Posted by Jeremy Pittenger on February 28, 2018
The impressive season for women’s volleyball was very much an all-Spartan effort. Of course, the players themselves had a huge part in finishing the regular season with a 26–7 overall record. Though credit also goes to the students — exercise science majors — who played a key role in improving the student-athletes’ training regimen.
Women’s volleyball players and students in the exercise science program teamed up for a study that examined power, reaction time and vertical jump performance throughout the season. Once measures were recorded after practices and games, the students provided reports that detailed the level of stress placed on the body within different environments, allowing the coaches to modify training sessions to maximize performance.
“The information gained about how quickly our student-athletes can recover after matches and practices is invaluable,” said James Seitelman, head women’s volleyball coach. “It tells me how hard to train the players and if we can train more without losing quality repetitions.”
Seitelman also appreciates the collaboration between students, student-athletes and coaches. “It’s fun to work with the student trainers,” he said. “They have a different relationship with the student-athletes than coaches do. This peer-to-peer partnership allows both the student-athletes and those in training to gain from the experience of working together.”
Chris Pitsikoulis, chair and assistant professor of exercise science, agrees. “Student-athletes are always excited to have their peers aid in their athletic performance,” he said. “They’re always curious about new ways they can gain an advantage through training equipment and performance data.”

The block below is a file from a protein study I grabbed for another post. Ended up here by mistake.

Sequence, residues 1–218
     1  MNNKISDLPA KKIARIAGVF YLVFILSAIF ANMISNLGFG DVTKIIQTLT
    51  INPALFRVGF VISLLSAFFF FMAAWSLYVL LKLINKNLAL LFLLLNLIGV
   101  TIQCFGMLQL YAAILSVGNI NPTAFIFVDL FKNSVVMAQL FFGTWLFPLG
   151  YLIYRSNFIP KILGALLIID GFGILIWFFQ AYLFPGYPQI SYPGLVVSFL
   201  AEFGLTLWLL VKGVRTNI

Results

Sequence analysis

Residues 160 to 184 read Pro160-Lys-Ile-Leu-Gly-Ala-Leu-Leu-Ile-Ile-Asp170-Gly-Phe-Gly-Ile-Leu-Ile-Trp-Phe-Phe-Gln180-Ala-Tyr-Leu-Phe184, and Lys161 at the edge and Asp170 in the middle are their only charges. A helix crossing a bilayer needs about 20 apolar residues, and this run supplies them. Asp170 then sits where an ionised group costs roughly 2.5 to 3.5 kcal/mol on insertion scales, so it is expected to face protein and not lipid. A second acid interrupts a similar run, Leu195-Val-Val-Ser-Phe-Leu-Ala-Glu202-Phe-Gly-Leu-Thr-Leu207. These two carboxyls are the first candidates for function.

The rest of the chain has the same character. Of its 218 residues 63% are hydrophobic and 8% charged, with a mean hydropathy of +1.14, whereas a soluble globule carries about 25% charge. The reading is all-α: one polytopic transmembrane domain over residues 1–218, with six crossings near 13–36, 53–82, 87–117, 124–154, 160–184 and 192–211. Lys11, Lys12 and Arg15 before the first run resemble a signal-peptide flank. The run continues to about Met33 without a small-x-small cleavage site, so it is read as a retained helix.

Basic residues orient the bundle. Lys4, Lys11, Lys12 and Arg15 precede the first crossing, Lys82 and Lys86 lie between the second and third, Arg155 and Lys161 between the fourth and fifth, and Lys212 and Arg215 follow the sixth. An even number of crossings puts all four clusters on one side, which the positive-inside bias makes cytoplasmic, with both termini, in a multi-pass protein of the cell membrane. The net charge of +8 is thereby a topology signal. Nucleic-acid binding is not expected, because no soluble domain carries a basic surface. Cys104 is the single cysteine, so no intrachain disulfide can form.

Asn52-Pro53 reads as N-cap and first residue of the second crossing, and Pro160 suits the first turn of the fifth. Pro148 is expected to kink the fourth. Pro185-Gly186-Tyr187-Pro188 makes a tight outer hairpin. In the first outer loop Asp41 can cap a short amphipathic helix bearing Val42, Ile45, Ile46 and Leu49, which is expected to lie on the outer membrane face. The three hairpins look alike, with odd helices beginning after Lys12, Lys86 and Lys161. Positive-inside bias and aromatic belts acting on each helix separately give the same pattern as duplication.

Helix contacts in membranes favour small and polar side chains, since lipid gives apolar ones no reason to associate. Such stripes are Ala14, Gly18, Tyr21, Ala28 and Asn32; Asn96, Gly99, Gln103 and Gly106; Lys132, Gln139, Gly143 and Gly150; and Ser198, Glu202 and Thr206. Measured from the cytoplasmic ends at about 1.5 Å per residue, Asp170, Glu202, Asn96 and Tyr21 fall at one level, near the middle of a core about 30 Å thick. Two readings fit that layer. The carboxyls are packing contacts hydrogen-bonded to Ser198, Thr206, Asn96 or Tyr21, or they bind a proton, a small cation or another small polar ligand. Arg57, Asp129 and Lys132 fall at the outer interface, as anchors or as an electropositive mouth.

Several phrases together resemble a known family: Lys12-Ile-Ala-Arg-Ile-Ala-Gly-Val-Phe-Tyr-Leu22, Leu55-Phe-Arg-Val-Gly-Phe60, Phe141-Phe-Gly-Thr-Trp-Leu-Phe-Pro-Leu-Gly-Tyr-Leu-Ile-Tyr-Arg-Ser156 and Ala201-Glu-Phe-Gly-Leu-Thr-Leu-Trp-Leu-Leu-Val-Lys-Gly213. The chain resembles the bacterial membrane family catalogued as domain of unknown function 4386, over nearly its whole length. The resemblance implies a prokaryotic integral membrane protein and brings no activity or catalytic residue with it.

Through her work with student-athletes, junior Megan Bell has found a deeper appreciation for research. She is pursuing an exercise science degree with an emphasis in fitness and wellness.
“My favorite activity so far has been helping administer a pushup study,” said Bell. “During data colle ction, electrodes are placed on several muscles that are involved in a pushup. We then complete a series of tests to establish baseline values for each muscle. Participants attend six sessions and complete as many pushups as they can, using proper form, during various speeds. At the end of this study, we will beable to assess each muscle and how and when it is being recruited during a pushup at different speeds.”
Much of the research and training is done in a state-of-the-art exercise laboratory in Alumni Hall. “Using the lab equipment not only improves performance from a physical standpoint, but it’s motivating, too,” said Seitelman. “Our student-athletes and students are using equipment that, in most cases, is only found at Division 1 institutions.”
Women’s volleyball was the third athletics program to work with exercise science majors. More data collection of individual student-athletes and teams continues.